Microsoft released a public beta of the long-awaited Internet Explorer 7.0 . The new browser includes numerous security features that will help make Web surfing much safer than was possible with previous versions of IE.
One major improvement is that, according to Microsoft, use of ActiveX controls is now optional since "nearly all pre-installed ActiveX controls" are disabled by default. IE 7 also provides a new Protected Mode, although this feature is only available in the Windows Vista version. In Protected Mode the browser will be will be isolated from the OS thus rendering it unable to modify files and system settings. Protected Mode will also severely restrict COM objects and the browser will be able to write only to the Temporary Internet Files directory. These features will help protect the system against infiltration by various forms of malware.
IE 7 introduces support for international domain names in URLs along with protection against certain types of domain name spoofing attacks. The browser will notify you "when visually similar characters in the URL are not expressed in the same language." The new browser also includes a redesigned URL parsing engine. IE 7 also places new limits on scripts to help prevent cross-site scripting attacks.
Other features include opt-in protection against phishing attacks and a new security status bar. IE 7 will help prevent phishing attacks by performing a real-time URL lookup against a database of known and suspected phishing sites. If you're visiting such a site, the browser will warn you.
The security status bar help users remain aware of Web site security and privacy settings. The browser displays a color-coded indicator depending on the security of a given Web site. Green indicates that a site uses the newer "high assurance" encryption certificates, which are issued to entities that complete a more extensive identity verification check. White indicates sites that use a typical SSL certificate. Yellow indicates that a site is suspected, but not confirmed, of participating in phishing. Red indicates that a site is known to participate in phishing.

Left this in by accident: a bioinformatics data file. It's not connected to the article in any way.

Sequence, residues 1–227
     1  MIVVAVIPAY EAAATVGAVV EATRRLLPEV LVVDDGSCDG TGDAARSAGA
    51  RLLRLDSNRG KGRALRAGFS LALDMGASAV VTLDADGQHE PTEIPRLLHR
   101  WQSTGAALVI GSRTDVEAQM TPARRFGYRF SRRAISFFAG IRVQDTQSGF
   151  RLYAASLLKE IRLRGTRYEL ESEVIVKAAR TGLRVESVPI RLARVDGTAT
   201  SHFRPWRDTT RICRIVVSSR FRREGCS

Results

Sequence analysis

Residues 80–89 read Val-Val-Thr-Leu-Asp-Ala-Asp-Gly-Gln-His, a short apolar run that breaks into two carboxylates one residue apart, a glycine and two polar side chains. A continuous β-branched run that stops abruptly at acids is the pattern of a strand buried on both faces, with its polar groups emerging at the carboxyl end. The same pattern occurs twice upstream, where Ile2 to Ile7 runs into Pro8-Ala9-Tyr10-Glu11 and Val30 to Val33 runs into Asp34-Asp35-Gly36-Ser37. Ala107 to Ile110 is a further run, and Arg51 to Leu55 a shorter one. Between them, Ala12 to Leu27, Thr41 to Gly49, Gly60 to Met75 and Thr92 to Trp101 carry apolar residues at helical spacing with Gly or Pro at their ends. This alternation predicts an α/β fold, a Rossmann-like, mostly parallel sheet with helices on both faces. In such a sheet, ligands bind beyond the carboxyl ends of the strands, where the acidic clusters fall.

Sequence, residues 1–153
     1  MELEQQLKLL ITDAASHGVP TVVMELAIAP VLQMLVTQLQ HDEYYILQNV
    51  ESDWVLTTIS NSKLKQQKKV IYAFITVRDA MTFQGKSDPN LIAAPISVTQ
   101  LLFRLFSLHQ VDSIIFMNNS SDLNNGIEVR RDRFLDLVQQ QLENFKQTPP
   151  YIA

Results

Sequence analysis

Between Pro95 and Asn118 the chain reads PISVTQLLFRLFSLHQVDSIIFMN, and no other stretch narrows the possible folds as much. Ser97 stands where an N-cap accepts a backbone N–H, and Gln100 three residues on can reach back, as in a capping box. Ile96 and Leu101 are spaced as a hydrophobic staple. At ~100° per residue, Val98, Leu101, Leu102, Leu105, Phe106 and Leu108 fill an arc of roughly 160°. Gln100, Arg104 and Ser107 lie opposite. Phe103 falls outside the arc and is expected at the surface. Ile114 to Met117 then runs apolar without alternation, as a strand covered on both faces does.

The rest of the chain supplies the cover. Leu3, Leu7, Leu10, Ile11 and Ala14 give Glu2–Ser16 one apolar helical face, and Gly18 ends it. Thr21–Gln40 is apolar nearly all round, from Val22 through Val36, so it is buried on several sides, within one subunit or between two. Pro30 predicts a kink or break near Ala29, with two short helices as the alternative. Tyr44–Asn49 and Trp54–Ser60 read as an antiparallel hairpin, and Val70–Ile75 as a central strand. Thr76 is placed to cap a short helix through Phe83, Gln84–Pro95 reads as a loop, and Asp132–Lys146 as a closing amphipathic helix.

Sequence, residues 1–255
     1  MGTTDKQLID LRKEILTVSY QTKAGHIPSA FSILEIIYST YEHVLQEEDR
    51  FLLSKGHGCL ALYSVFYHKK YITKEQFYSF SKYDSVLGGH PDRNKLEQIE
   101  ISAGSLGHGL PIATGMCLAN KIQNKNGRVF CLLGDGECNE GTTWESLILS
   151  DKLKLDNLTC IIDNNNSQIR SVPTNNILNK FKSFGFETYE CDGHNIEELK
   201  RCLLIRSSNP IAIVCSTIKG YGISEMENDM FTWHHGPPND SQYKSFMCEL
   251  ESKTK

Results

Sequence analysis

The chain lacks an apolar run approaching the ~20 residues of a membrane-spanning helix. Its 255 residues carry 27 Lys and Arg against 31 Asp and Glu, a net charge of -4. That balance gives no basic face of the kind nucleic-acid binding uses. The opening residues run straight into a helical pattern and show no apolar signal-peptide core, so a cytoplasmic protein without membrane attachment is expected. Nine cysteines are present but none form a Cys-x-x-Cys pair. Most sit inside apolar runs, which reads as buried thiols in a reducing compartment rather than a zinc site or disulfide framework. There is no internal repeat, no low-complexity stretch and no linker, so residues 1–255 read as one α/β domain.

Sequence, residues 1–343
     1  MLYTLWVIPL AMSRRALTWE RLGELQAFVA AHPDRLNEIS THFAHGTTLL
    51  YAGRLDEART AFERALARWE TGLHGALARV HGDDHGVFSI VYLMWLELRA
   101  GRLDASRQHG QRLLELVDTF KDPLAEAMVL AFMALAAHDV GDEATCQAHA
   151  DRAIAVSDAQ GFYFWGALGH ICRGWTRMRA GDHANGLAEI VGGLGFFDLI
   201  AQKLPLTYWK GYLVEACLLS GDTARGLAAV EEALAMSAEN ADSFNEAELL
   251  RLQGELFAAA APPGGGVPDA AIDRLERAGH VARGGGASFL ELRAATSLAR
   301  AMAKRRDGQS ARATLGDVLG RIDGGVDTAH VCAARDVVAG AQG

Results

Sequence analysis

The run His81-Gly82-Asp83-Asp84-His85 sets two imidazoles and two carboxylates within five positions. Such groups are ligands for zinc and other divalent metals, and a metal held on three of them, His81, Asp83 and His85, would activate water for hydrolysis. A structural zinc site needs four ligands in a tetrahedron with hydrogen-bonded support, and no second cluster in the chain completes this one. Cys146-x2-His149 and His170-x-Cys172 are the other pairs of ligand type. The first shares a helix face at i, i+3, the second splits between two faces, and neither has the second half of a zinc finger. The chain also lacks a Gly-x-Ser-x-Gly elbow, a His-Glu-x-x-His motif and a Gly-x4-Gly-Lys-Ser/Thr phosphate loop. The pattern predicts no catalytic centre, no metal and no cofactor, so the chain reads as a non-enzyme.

Another major change is the way SSL certificates will be handled. IE 7 will initially block access to sites whose certificates weren't issued by a trusted root or whose certificates have expired or been revoked. Under the first two conditions, the browser will offer the user the option of connecting anyway but not if the certificate has been revoked. In addition, the browser won't show nonsecure content on sites whose pages use both secure and nonsecure content unless the user explicitly unblocks the nonsecure content.
For a full list of new features (including those not related to security) review Microsoft's IE 7 feature matrix. You can also read our article, "Internet Explorer 7.0 Beta 2 Public Preview Review," to learn more about the browser and to get a glimpse of the new interface. To gain an understanding of how IE 7 stacks up against Firefox, Opera, and Netscape browsers be sure to read our article, "Just Browsing ."